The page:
“The idea of tradition on campus refers inevitably to connection—to the past, to people, to place.” These connections allow students to come together and “feel a part of something larger than themselves.”
Research conducted at Samford reveals the value of the Step Sing campus tradition. Established in 1841 as a Baptist institution named Howard College, Samford University has an extended history and numerous campus traditions. (It changed its name to Samford in 1965.) Step Sing is one of the most significant of these traditions. Established in 1951 when students lined up to sing outside on campus grounds, Step Sing now takes place indoors and involves nearly a thousand students each year.
Throughout its long tenure at Samford, the Step Sing tradition has reflected trends of change and growth, but it has always carried a significant role in the campus community. One particular area that demonstrates the cultural changes surrounding Step Sing is Samford’s on-campus dancing policy. At many institutions, especially historically Baptist institutions like Samford, dancing is often regulated or prohibited. Yet, in 1988 dancing was officially sanctioned at Samford, allowing the publicity and excitement for Step Sing to continue growing.
Interviews with Samford students, faculty, staff, administrators, and alumni identified the value of Step Sing as a campus tradition for the community, bonding, unity, connections, and identity it creates. The Step Sing tradition engages with the campus community by involving over a thousand students each year, or around one-third of the undergraduate student body. The broad reach of this tradition even extends to the surrounding Birmingham area, from which many audience members come. In this way, Step Sing unites the campus community with the greater city, creating a unified experience for all.
Bonding also occurs for students during their Step Sing experience. Each Step Sing act involves at least forty students, creating opportunities for new relationships to form within the acts. Additionally, during the performances, members of different acts often interact and support one another, creating bonds between all participants. Around Samford students speak of the Step Sing community as if it were a family.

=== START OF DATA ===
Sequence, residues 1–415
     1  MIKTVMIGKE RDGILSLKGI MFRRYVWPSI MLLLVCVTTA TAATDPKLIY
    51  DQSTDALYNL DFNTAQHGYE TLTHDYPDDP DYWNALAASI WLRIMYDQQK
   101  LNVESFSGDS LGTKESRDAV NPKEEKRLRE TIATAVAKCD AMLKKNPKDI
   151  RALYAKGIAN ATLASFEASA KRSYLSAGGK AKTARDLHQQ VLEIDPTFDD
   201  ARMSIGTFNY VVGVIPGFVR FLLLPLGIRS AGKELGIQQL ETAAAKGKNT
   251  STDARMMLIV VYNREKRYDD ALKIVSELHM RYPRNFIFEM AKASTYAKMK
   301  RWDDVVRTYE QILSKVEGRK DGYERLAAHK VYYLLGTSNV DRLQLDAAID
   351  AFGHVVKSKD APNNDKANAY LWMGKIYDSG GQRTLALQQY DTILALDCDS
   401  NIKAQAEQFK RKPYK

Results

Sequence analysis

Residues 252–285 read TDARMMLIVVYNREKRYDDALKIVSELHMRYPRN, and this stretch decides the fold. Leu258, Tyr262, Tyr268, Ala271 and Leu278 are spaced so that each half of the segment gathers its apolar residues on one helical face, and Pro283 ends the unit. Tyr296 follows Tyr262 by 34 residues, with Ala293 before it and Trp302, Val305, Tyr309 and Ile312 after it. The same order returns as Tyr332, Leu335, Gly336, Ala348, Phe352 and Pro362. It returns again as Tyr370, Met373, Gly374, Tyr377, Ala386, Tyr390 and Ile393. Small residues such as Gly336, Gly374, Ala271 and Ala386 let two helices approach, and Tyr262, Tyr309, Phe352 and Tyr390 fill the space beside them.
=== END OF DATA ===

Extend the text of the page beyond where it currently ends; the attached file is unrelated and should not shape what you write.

Participants also see value in the unity Step Sing creates for Samford. With its vast student involvement, this tradition can be described, to say the least, as wide reaching. Participants span from Greek organizations, independent groups, and even campus ministries, contributing to the event’s unifying feel. However, that unity is not limited to the participants, as significant numbers of alumni often return to campus for Step Sing. According to some reports, more alumni come for this event than for Homecoming each year.
In addition to former students making their way back to Samford, a prospective student visit is also hosted on campus during the Step Sing weekend. Many of these students see the performance and factor that experience into their choice to come to Samford. Moreover, many students’ parents visit during this weekend and feel more connected to the institution as a result.
Step Sing is also valuable in its contribution to Samford’s institutional identity. As part of the institution for many years, Step Sing persisted as a critical campus tradition through waves of change and is truly a part of the culture and identity of Samford. In fact, it has such a strong role that some consider Step Sing a hallmark of Samford, one of the defining events of their college experiences.
Step Sing brings undeniable value to Samford and the broader Birmingham community. Both in its historical and present context, individuals sought to further that value, and through the years the tradition has endured. However, Step Sing is not only a campus tradition, but also a part of the history and heritage of Samford University and the state of Alabama. Thanks to it, people throughout the state have a new song—and perhaps even feel like dancing.
For more information on Samford's Step Sing program, check out their website.
This feature was previously published in Issue 128, Spring 2018.
About the Author
Morgan K. Morris completed her MA at Taylor University and serves as a resident director at John Brown University.